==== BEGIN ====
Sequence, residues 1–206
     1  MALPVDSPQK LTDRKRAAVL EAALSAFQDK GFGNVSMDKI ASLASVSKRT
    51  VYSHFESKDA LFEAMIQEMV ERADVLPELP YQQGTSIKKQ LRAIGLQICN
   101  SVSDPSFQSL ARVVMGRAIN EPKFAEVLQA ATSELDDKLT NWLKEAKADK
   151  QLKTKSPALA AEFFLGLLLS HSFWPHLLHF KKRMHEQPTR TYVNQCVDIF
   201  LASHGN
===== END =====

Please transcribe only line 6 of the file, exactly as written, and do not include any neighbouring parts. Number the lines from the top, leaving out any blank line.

   201  LASHGN